Related: My Dad Coming Out as Gay Changed Our Lives – and Gave Me the Courage to Be Myself

My mother never asks me if I’m seeing anyone, how my love life is, or if that boy who picked me up is more than a friend. And I appreciate this because she is perhaps the only person in my life who isn’t constantly pressuring me about my love life. My friends and I are open about sex, and it’s great most of the time. But sometimes they insert themselves into my sexual or romantic life in ways I don’t want or need. My friends want me to have a partner for double dates – they worry I will be a perpetual bachelor. They want the gossip on whoever I hooked up with, or how this person was in bed. They gave me labels, called me bi before I even came out. They want to know every detail about every fight and every night out. It can be overwhelming, and I just can’t have that with my mother. I don’t think it would be healthy for our relationship, or for my relationships with my partners.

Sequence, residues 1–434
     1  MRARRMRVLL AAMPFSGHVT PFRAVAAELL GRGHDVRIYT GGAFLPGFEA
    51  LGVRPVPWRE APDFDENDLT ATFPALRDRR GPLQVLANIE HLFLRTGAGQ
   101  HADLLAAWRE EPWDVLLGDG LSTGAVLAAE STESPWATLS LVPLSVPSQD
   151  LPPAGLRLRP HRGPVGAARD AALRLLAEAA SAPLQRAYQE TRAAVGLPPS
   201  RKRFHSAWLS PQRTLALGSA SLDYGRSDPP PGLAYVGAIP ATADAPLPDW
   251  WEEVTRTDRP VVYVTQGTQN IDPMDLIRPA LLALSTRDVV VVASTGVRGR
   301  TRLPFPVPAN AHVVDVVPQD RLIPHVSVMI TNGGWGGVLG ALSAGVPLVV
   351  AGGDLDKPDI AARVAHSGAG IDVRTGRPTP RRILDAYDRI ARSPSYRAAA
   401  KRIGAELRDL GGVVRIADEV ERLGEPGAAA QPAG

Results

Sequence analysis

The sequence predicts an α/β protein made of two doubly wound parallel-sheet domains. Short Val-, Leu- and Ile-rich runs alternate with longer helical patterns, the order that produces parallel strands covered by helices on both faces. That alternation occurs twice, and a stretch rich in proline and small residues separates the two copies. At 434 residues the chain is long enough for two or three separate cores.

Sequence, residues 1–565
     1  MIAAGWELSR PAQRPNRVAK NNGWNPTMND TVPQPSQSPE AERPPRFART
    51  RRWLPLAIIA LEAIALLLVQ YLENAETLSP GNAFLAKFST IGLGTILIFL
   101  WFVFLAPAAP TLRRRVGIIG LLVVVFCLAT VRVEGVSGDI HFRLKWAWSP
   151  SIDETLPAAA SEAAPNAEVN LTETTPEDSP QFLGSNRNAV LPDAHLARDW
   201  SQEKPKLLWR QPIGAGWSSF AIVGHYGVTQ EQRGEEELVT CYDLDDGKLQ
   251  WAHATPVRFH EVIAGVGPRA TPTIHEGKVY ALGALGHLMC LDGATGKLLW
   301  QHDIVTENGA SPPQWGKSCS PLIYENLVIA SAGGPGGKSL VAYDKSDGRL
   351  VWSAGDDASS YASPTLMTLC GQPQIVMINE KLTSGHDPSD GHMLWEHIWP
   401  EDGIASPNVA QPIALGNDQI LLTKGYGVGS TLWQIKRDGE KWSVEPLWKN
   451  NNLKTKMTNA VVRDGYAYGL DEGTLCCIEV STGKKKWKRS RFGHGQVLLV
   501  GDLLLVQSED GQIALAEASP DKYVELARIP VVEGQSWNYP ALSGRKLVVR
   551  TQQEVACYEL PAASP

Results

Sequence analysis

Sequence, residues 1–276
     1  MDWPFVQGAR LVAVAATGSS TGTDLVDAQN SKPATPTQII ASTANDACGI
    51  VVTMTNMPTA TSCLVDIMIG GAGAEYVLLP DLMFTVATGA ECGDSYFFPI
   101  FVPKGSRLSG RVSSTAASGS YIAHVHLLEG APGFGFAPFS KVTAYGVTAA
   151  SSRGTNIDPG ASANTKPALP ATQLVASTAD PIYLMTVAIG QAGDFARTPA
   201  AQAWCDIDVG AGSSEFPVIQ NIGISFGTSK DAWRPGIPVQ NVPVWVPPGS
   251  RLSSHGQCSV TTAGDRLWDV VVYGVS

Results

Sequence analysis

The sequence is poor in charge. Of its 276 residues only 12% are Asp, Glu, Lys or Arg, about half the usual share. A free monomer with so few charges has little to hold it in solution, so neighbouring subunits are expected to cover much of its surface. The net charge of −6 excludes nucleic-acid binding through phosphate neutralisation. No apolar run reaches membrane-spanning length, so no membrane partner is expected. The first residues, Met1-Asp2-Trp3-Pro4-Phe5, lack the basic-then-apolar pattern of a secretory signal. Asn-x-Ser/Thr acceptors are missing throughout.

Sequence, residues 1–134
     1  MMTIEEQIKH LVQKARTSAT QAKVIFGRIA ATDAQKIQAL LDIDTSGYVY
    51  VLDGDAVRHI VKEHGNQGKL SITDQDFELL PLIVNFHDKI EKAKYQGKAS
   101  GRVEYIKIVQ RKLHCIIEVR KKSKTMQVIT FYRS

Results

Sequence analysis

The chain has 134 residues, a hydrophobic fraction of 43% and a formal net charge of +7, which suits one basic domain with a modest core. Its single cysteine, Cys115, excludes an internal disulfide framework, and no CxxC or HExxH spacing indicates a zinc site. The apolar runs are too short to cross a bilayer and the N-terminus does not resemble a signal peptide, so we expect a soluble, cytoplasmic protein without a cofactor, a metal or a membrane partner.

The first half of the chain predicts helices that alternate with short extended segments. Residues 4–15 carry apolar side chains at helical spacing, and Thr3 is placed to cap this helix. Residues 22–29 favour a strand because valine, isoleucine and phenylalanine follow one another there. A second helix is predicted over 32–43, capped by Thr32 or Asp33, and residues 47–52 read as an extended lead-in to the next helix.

In my life, “coming out” isn’t exactly necessary. And I don’t think it will be until or unless I bring home a partner who needs me to have that conversation. I think that the process of finding and asserting sexuality is difficult enough as an internal process. But having that conversation with my parents would open floodgates I don’t think I’m ready for yet. I think that by announcing my sexuality to my parents, I would be inviting them or asking them to be a part of this moment in my life, which I view as incredibly personal and quite fragile.

Maybe when the time comes, when I feel like it is a relevant conversation to have, I will tell them. But I’m not going to do it yet. It doesn’t mean I’m scared, or unsure, or ashamed. It just means that right now, in this moment, it isn’t the time. And that’s OK.